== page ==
Chris Fredericks: So something I would encourage everyone to do who receives shares on an annual basis, being an employee owner of Empowered Ventures, is to take a look at that number of shares you’re allocated and look at the value of those shares. And that’s going to be on the statement, too. So it’s going to show current year new shares times the share price, total value of additional kind of contribution to my account this year. Take that number and divide it by your total annual compensation, your W2 wages from the calendar year, let’s say from the ended during that period of time for this year, 2023. Take a look at those 2023 total wages. Divide that out and see what that is. So it’s going to be that contribution value divided by your total wages. That’s your benefit level. So essentially, that’s the percentage of your compensation that you are receiving on an annual basis in one year, in this one year for being an employee-owner of empowered ventures. So I think that’s a really important number because for us and for other companies, that’s kind of similar to a 401K match or a 401K profit share in terms of the type of benefit that it is. But generally speaking, in employee ownership in general, and especially, we find at empowered ventures, that benefit level is pretty robust and quite impressive and is a key part of how we’re able to ultimately create life-changing outcomes together. All of our employee-owners is that benefit level is really meaningful, and over time, as you stay longer, it really can accumulate into something that’s pretty special.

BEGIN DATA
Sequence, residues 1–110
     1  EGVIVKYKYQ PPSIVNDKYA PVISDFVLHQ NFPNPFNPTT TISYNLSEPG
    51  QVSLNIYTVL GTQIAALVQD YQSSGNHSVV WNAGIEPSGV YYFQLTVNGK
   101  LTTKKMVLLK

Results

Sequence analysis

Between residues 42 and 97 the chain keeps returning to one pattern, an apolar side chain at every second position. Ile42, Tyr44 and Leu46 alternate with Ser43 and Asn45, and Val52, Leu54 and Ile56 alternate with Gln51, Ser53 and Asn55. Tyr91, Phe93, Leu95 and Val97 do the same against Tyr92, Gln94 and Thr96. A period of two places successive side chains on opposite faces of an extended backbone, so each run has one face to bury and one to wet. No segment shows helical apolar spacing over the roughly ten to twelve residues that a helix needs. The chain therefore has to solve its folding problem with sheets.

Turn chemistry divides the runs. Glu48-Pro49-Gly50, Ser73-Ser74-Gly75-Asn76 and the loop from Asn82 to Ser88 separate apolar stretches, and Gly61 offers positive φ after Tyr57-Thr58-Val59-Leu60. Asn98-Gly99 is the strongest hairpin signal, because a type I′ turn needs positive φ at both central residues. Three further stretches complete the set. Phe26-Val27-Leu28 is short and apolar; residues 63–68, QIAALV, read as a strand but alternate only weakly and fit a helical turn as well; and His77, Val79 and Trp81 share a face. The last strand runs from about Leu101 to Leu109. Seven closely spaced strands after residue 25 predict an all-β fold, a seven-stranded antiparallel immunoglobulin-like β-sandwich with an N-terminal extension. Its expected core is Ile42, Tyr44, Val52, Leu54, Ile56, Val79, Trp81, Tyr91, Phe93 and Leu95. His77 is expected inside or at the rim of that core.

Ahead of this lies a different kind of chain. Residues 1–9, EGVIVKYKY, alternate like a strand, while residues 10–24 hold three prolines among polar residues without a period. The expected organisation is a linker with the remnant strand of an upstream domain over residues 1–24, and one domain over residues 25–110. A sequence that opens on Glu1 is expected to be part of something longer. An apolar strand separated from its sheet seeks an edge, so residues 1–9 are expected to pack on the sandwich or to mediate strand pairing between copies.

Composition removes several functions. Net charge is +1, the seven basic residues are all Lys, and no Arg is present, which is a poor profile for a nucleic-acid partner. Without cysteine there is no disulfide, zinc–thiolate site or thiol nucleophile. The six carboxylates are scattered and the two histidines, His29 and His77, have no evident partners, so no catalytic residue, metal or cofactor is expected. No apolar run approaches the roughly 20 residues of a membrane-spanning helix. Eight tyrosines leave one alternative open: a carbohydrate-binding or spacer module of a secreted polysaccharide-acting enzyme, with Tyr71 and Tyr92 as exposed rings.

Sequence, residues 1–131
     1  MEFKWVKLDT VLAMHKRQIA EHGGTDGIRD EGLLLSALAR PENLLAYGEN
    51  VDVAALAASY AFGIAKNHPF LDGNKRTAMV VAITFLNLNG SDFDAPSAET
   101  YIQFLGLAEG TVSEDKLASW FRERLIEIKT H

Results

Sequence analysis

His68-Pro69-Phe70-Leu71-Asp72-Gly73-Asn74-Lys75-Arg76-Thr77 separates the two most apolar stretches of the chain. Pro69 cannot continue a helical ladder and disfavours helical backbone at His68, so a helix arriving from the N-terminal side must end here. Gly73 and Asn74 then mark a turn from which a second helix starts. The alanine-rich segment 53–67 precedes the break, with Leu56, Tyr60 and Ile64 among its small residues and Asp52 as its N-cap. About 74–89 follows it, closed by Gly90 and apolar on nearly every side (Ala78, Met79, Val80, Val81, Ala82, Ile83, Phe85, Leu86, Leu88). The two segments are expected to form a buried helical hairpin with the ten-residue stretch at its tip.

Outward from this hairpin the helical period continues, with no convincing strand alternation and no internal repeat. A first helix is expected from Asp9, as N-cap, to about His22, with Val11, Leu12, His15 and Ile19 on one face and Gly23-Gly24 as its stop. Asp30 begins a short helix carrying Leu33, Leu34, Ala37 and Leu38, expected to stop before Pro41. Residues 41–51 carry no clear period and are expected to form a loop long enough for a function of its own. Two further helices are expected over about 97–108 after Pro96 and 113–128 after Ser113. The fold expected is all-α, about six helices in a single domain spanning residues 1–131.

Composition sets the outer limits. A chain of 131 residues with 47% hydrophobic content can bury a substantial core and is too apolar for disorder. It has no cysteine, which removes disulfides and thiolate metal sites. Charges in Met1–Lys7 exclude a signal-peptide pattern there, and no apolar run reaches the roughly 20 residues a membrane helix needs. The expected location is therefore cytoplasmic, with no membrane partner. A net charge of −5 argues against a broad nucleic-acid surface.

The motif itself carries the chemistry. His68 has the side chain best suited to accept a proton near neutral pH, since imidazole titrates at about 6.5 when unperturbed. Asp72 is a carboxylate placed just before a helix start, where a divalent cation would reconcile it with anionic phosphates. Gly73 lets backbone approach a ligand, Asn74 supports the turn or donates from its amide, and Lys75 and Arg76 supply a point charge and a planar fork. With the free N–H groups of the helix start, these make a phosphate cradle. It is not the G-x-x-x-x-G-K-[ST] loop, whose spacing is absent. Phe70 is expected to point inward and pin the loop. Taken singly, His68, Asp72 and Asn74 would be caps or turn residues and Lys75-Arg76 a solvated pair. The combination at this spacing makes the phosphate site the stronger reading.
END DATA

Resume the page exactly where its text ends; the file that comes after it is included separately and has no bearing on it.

Emily Bopp: Okay, so a benefit level is the percentage of my compensation that is reflected in the account value that I have. Did I say that right?

Chris Fredericks: Yeah, it’s the annual level of benefit you’re receiving for that new contribution. And a key distinguishing thing here is ours is variable. So you can imagine that in maybe again, analogizing it to a 401k, some company might say we provide a 4% benefit level profit share into the 401K. So the company is then saying, okay, 4%, we fix that number, we multiply that times your total wages. That’s the benefit we’re going to contribute into your 401K. For us, we do not have a fixed benefit level. There’s no percentage that we are defining, and it’s actually driven by that number of shares. So we have a fixed number of shares that we allocate for everybody every year. And so those shares are spread out across our entire employee owner base, and then those shares have a value. So, the benefit level would be considered a variable benefit level because the shares and the stock price can change. Like the shares that we allocate actually grow over time, and that stock price changes annually, too. So, that creates a variable benefit level. Historically, we’ve actually trended pretty high. So let’s say 20% plus variable benefit level on an annual basis.

Emily Bopp: Wait a second, did you just say that a lot of people get 4% given to their 401K, and we’ve historically had some years as high as 20%?